This morning I was thinking about a portfolio I did some years ago and whether or not other photographers continuously review their past life, their past photographic forays, trying to make some sense of what it was, what they did and why. Okay, maybe other peoples past lives are not their past photographic forays. I sometimes wonder if I live more in the past than I do the present or am I actually in the present constantly reviewing the past. Conundrum.
Any way I was thinking about the portfolio Forensic Evidence of a Past Life. Most have heard the story of the portfolio, how, in my garage, I noticed a sail shackle in a Tupperware container that inspired me to removed dozens of items from my much cluttered garage to be photographed. The shackle reminded me of all the things in my garage that had been at one time an important part of my life but no longer seemed relevant. There was evidence of a past interest in bicycling, camping, sailing, wood working, diesel mechanics, even remnants of my infrequent sojourns into the world of oil painting.
The portfolio was about memories but I was wondering why I shot everything so straight forward, There was no suggestion of time past beyond the layers of dust that had accumulated over the years, no soft fuzziness indicative of warm memories—the photographs were very hard, cold and in-your-face as though I had become detached from the objects enough that I could approach them as the objects which they were rather than as the pit in my soul that prevented me from parting with them..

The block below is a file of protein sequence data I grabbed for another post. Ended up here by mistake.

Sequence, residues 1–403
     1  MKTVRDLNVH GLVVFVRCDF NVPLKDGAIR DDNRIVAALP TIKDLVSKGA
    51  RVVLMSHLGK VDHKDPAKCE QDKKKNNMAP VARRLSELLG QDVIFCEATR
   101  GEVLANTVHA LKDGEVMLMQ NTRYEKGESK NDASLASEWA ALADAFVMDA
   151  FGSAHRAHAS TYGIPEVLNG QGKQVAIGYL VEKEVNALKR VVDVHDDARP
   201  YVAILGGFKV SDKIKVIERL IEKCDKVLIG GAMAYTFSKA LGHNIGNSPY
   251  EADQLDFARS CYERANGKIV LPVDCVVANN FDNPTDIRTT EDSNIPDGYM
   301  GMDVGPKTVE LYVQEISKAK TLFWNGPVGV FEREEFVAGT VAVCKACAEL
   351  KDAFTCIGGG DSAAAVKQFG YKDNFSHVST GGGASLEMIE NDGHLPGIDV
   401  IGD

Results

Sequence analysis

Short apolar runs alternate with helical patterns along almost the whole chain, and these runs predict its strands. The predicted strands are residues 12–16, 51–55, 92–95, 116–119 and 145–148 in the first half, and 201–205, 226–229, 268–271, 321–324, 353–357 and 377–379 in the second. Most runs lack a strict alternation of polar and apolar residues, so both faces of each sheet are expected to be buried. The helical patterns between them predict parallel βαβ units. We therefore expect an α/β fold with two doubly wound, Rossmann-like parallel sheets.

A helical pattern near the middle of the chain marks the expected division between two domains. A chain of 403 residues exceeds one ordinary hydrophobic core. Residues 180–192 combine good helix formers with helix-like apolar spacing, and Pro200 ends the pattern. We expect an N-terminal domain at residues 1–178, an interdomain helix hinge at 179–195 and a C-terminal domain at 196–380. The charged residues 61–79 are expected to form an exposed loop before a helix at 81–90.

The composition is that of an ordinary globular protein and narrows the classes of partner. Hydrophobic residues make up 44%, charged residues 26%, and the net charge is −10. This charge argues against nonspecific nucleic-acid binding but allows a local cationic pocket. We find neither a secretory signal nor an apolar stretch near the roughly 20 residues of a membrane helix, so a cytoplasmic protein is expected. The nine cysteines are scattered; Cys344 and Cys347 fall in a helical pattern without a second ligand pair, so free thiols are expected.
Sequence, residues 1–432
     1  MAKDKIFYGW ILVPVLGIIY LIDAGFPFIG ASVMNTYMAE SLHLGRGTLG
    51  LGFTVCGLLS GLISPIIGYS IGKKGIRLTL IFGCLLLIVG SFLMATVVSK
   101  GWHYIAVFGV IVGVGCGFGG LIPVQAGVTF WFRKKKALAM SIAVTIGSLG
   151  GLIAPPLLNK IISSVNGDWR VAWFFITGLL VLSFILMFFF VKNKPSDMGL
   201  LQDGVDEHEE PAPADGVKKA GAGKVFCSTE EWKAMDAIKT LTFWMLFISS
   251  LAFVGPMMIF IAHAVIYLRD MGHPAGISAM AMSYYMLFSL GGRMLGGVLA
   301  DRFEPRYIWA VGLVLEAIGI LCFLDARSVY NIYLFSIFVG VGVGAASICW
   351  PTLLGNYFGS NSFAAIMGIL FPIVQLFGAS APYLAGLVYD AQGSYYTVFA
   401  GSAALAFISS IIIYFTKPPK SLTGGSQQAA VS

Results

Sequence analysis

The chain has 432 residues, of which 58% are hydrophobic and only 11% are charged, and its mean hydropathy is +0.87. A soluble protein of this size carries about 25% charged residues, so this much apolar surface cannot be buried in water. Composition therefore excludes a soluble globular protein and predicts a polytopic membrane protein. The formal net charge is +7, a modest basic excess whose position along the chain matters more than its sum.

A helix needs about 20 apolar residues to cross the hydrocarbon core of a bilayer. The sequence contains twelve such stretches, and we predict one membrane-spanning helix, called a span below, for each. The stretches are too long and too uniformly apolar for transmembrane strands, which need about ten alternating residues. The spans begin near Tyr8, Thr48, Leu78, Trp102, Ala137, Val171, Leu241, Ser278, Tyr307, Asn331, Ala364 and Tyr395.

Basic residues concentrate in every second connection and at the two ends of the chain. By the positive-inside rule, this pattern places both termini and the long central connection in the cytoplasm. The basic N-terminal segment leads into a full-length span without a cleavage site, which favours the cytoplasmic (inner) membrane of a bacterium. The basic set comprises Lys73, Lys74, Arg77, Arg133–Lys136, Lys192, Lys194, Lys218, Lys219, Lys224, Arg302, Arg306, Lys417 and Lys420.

I could have done the photographs in a way that elicited fond memories or even simply memories. Rather it was a ‘this is what was’. This was but no longer is, almost dispassionate. In the photographs I did not give any hint as to how I felt about these past objects beyond the fact that I found them important enough to do photographs for the purpose of showing them to others. That of course is a statement within itself but is it enough of a statement. Will I one day be tempted to reprocess the photographs in a way that says how important these memories are to me. I don’t know.
I do know that these images, like much of the photography I have done in the past, keeps coming back. I am not sure whether they will not let me go or whether I will not let them go. That’s the problem with doing photographs that have a very personal connection. Why did I never learn that documenting and making pretty pictures is all that is required of being a photographer?